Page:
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Lecture

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Department
Psychology
Course
PSYB10H3
Professor
Elizabeth Page- Gould
Semester
Fall

Description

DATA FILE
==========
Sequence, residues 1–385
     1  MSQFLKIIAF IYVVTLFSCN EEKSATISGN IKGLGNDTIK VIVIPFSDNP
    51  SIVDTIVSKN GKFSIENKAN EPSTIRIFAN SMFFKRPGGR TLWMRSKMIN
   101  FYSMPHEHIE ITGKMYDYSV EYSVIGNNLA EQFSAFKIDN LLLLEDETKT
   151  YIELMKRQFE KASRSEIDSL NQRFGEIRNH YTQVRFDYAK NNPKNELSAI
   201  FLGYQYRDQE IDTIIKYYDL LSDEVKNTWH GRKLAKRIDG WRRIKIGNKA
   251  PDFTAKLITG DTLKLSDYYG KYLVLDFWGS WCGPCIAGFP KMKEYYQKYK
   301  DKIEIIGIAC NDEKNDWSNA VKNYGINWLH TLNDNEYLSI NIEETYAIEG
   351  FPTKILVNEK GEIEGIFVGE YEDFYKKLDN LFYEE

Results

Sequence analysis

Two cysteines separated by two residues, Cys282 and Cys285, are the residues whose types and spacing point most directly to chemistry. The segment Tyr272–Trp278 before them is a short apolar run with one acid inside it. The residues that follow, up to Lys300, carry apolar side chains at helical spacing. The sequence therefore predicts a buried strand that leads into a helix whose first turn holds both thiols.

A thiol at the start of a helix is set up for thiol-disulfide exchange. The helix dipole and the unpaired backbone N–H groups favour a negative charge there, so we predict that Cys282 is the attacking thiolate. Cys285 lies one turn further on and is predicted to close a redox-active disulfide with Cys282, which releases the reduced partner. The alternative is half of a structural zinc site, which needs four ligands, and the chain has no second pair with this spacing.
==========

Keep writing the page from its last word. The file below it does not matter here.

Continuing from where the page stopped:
Attitudes, persuasion, conformity and dissent Overview Attitudes and persuasion o Attitudes overview o Cognitive dissonance o Liking Balance theory o Attitude change: Persuasion and Persuasion tactics Conformity Dissent What are attitudes? A like or dislike toward someone or something A belief that you have that is more associated with goodness or badness Attitude object o The target of the attitude; the thing about which you hold an attitude o Can be a thing, person, place or even an idea ABCs: o Attitudes: what you feel about something; emotions that you associate with various objects; also an idea or belief o Behavioural: what you are likely to do, as a response of your attitude o Cognitive: that you think about something. Comes together and contribute to your attitude about something What goes into an attitude o Valence Bipolar dimension from good to bad Positivity or negativity; how good or bad you think something is o Strength Intensity of the attitude How arousing the object is Ex. when someone says they dont like the iphone for no particular reason (say they just dont like it in general)= negatively valenced, but not strong. If you ask another person that doesnt like iPhones, and they respons by saying they dont like all smartphones because they take ppl way from each other and fee very strongly about it= negatively valenced and strong; can have same level of valence, but attitude is strong o Valence and strength are 2 different dimensions. 2 attitudes can have the same level of valence, but may not be at the same level of strength. Varies independently Attitude types o Explicit attitudes A like or dislike toward an object that is stored in the form of a statement and of which you are fully aware Things you can say in words. Fully aware that you hold and easily declare and describe in words U know what your explicit attitudes are Ex. if you have a specific attitude towards Tim Hortons, and someone asked you about it, you know exactly what youd say and where you stand Explicit attitudes are propositions A statement or assertion that expresses a judgement or opinion- Oxford American College Dictionary You always know what your explicit attitudes are o Implicit attitudes A like or dislike toward an object stored as an association in your semantic network the association is between the object and your concepts of the good and bad you may or may not be aware of your implicit attitudes (because its measured in reaction times) association that you have between something and the concept between good and bad good and bad are 2 separate concepts in your semantic network. Things that we have good implicit attitudes for are associated with goodness. Things about we have bad implicit attitudes are things we associate with badness (ex. war, hunger, famine vs. flowers, peace) basically, it is simply an association that you hold between good and bad that makes something an imlplicit attitude attitudes and behaviour o which comes first o your belief about something your behaviour in relation to that thing o some of the earliest work on attitudes and behaviour was in part because of propaganda that was used during WWII (people were trying to persuade people by doing something; why did people buy more war bonds) o what you believe about something will directly affect and predict your behaviour towards that thing. Vice versa, your behaviour to that thing changes your attitudes or beliefs about it cognitive dissonance o a change in peoples behaviour alters their attitudes o dissonance: unpleasant feeling of tension (or arousal or anxiety) when your behaviour is different from your attitudes and values you experience unpleasant tension (dissonance) when: you experience contradictory attitudes (ex. you really love Justin Beiber, but your best friend hates him ( causes a conflict that can create internal tension) you behave inconsistently with your attitudes (ex. hanging out with new group of ppl that you realy want to impress. They really hate Justin Beiber, even though you love him, so infront of them you talk a lot of trash just to get their approval inconsistent behaviour with your attitude) to relieve this tension: you change your attitude since you cannot change your behaviour o change attitude to match behaviour o ex. if you continue to talk trash about Justin Beiber, after a couple of weeks, you may find that you dont like him as much as you used to. o How we act changes our behaviour, and how we behave less rarely reflects how we think or feel or, you reappraise the situation so that your behaviour no longer indicates anything about your attitudes o reappraisal always fixes everything o overjustification effect study: had people come in and do an extremely boring experiment (had to literally turn pegs on a peg board for 45 minutes). But as they are leaving experiment and being debriefed, the experimenter says one of 2 things. They mention that the ppl need to be motivated in the task for all cases (ex. say its their thesis project, etc.). in 2 out of the 3 experiments, they ask the participants to help them out. 1 condition: tells participant that they will give them 20$ if they tell the next participant in line that it was a really fun experiment. Against everyones attitudes about experiment,, but who could say no to money Condition 2: asked to lie and tell next participant that it was fun, but will be given only $1. Little bit harder to justify it for urself Condition 3: control: experimenters asked them to be motivated, but that was all. Didnt tell them to do anything. No behaviours that would be incongruent 1 week later, someone that was a part of the experiment would call back all of the participants and ask for feedback about experiment, just on curiosity o Asked to rate 0 if it was neutral, negative if it was a bad experience and positive if it was good. o Results: paid $1: they said it was quite enjoyable. Control: said it wasnt enjoyable. o $20: when you can reappraise your behaviour so that its not so inconsistent with your attituedes, you dont have as much of a change in your attitudes as a result of your behaviour. Therefore, they reasoned that even though they lied to the next person, they got $20. o But ppl who were given $1 didnt have as much that they could reappraise and say that it was other forces. It was still $1. As a result, they changed their attitudes to be congruent with the lie that they had told overjustification effect if one can justify an attitude-inconsistent behaviour, then they will not experience dissonant feelings. Dont change attitude o external appraisal for cause of dissonance o explain it based on enough features so you dont feel that same tension, therefore u dont need to change ur attitudes to rid the tension ironic effects of overjustification: o disengagement from tasks that you genuinely enjoy if rewarded extrinsically for them post-decision dissonance: dissonance aroused after making a decision, typically reduced by: enhancing the attractiveness of the chosen alternative devaluing the rejected alternatives study (1950s): got a number of house wives to come in and look at3 diff house appliances. They first rated each item based on how much they like it. Toaster was ok, but they really liked the coffee maker and waffle iron. o Were told that they can leave with one of these items, but experiemtner randomly picks 1 of the 2 highest rated items. Important because we want to see how ppls attitudes change towards th